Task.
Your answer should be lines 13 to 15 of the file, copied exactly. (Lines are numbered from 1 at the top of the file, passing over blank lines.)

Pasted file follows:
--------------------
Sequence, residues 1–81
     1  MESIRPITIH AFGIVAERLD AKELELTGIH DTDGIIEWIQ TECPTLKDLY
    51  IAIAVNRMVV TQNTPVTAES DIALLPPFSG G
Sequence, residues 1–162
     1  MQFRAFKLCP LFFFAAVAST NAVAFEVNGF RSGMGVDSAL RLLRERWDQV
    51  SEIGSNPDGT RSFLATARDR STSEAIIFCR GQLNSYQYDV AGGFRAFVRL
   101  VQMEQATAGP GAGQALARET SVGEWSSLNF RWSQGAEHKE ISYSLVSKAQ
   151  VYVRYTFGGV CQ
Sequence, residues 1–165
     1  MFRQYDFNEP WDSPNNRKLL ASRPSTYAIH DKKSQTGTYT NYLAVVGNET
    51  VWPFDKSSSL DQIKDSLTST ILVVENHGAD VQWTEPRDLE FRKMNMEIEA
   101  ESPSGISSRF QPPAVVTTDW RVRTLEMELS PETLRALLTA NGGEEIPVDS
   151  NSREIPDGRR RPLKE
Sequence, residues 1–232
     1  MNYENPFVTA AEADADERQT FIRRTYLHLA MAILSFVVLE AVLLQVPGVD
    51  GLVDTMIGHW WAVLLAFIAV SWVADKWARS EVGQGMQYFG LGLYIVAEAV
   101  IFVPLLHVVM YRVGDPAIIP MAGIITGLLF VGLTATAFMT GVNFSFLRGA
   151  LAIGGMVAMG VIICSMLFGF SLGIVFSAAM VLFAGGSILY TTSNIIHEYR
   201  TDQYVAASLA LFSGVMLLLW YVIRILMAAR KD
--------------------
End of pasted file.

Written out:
   151  NSREIPDGRR RPLKE
Sequence, residues 1–232
     1  MNYENPFVTA AEADADERQT FIRRTYLHLA MAILSFVVLE AVLLQVPGVD